Reunited and it feels so good

Why do we fear high school reunions? Correction: Why do we fear them – but won’t admit it?

Instead of facing reality, people will whip-up some deep philosophy (a.ka. a bull-!&#$ excuse) explaining why they have no use for their reunion and why their reunion has no use for them. Sound familiar: “I didn’t care about what any of them were doing in high school. Why should I care now?” Or the lamer, “I didn’t go because I wasn’t friends with any of the people that went anyway.” There’s even the rare, but effective, “My senior year I was voted prom queen as a joke and my classmates dumped pigs’ blood all over me during the crowning. I was so humiliated that I telepathically burnt down the gymnasium. So I’m actually not allowed to go.”

My advice; don’t waste B.S. on excuses – save it for the “ice breaker.”

Reunions are our chance to be everything we weren’t in high school – and everything we probably aren’t in life. And since there are so many different ways to mess with people – not blowing all their minds at this awkward get-together should be your only fear!

You can’t go wrong as long as you avoid being plain. Being normal – and boring – is why you don’t ever want to go in the first place, right?

Things to consider when molding your new reunion identity: nobody likes a winner, at least not at this event. Think of it this way; anyone can be an over-achieving success – it takes creativity to become a grossly under-achieving weirdo.

Prison stories by the punch bowl are always a hit. Watch phony smiles melt away as you assure uncomfortable classmates that, “It’s OK, that’s all behind me now.” A couple days later – when they’re relieved to find out via a mass e-mail chain that you weren’t really under 24-hour lock-down in San Quentin – your real life as a lonely raft salesman will sound pretty darn swanky.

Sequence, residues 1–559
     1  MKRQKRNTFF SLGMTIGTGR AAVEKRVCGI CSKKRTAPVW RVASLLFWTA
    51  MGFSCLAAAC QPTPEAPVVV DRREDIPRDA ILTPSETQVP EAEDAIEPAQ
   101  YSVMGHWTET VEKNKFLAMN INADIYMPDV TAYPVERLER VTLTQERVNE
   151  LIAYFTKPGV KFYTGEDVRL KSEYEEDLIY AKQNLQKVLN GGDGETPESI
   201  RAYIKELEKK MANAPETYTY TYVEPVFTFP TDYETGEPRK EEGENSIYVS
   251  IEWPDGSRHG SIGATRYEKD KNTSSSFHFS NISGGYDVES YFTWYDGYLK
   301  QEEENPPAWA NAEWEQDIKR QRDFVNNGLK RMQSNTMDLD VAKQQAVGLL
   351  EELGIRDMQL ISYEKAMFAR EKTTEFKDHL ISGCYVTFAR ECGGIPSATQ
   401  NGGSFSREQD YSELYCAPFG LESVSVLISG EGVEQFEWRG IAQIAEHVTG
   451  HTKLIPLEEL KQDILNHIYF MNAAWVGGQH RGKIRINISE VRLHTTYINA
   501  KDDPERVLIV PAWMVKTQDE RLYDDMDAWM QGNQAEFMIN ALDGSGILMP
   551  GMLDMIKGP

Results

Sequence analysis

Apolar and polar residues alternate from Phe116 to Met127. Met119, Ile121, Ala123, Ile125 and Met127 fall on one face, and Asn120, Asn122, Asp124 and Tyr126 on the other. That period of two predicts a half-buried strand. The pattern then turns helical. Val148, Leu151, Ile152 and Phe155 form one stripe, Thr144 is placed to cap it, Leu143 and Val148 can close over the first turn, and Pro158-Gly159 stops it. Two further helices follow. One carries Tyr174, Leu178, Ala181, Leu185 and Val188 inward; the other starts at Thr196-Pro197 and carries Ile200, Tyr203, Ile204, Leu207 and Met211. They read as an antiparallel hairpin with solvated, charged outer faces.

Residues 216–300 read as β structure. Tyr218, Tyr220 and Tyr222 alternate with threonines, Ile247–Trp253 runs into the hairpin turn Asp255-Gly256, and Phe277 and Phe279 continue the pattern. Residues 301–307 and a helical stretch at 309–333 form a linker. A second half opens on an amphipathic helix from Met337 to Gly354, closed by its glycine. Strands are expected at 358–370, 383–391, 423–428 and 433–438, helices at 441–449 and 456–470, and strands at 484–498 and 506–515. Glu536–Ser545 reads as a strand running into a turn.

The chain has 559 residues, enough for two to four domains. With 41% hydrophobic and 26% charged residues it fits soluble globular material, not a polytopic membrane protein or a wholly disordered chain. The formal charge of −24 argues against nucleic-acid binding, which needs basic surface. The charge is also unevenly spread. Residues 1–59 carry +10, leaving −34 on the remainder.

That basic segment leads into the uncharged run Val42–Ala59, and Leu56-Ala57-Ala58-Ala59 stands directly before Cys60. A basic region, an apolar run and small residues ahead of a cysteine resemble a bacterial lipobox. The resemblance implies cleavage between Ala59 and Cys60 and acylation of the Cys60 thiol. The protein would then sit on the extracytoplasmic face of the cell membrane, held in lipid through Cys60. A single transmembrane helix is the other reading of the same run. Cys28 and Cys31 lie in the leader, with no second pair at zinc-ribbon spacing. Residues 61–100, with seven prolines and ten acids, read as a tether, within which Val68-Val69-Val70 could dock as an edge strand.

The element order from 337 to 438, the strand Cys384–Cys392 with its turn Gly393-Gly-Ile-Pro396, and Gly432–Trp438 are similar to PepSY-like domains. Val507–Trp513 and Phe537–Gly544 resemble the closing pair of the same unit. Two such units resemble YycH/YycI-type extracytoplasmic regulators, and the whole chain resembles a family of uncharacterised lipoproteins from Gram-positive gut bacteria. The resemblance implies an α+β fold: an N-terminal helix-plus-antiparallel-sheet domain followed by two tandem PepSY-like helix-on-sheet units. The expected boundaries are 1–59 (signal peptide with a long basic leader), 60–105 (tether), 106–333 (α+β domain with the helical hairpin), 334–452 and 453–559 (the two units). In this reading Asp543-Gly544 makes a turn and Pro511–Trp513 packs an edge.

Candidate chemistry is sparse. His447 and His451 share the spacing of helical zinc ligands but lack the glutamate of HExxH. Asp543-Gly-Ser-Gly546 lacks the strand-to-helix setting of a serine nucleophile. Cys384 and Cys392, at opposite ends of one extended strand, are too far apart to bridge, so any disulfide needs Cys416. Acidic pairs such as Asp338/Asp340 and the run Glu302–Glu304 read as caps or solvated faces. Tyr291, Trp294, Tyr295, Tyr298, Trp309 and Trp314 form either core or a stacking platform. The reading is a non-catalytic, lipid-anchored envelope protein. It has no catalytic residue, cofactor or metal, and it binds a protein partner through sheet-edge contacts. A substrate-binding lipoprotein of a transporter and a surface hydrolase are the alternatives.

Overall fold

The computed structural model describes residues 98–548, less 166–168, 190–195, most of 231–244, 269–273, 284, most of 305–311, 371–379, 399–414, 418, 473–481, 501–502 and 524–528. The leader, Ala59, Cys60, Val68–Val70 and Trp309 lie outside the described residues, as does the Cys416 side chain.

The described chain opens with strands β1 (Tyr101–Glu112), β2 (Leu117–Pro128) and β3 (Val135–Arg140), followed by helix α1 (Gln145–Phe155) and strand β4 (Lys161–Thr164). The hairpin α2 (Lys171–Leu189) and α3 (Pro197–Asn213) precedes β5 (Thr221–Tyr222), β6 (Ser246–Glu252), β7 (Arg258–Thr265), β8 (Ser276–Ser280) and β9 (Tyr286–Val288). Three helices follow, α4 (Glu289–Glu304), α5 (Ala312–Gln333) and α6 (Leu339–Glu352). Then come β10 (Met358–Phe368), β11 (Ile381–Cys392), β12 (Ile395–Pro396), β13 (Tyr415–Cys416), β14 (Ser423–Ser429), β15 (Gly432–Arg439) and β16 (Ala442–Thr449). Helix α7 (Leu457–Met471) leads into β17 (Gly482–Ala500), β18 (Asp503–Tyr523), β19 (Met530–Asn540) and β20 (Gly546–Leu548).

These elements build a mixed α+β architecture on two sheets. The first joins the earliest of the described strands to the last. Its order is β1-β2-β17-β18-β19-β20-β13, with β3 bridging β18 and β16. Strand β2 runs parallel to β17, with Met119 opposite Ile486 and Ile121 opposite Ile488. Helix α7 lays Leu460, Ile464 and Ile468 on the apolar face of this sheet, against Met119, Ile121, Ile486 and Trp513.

Falsifying a name tag is always quick and easy at a reunion (or any function that requires one). “Aren’t you Mike? Mike ‘The Mad Dog’ McGuire? Why does it say ‘Rich Lather’ on your shirt?”

“Because I lost a bet in Reno that required me to legally change my name to a top-selling men’s shave gel. Say, is there going to be Karaoke tonight?”

Keep a straight face and their will be no questions asked.

Warning! The point is to purposely set the bar extremely low. Do not claim to be more successful than you really are! Don’t say you’re a dentist if you’re really a hygienist – that makes you a “liar.” Say you were at the head of the class in dental school, but got thrown out for huffing the laughing gas – that makes you a “rebel.” Remember, it’s easier – and more interesting – for people to accept you as a loser. And for them it’s like finding $20 bucks in their pocket when they learn that you’re really not.

Note: the complexity of the tales should increase as the reunions chug on. Time and distance will allow this. Start small at 10 years and build as you go. Do not shoot-off all your cannons in the first round – it’s early at this point, and everyone might still remember who you are and what you do. Always keep notes and remember what you said at the last function. If you play your cards right, you could create an entire lifetime of absurdity.

Don’t be fooled – this is your high school reunion. It’s your life. Do whatever you want with either. Everyone pretended to be something they weren’t in high school. Why change now? It’s not like you ever really knew each other anyway.

I’m going to my 10-year when it comes around in a few years. I’m not only showing up – they’ll have to ask me to leave. And they probably will.

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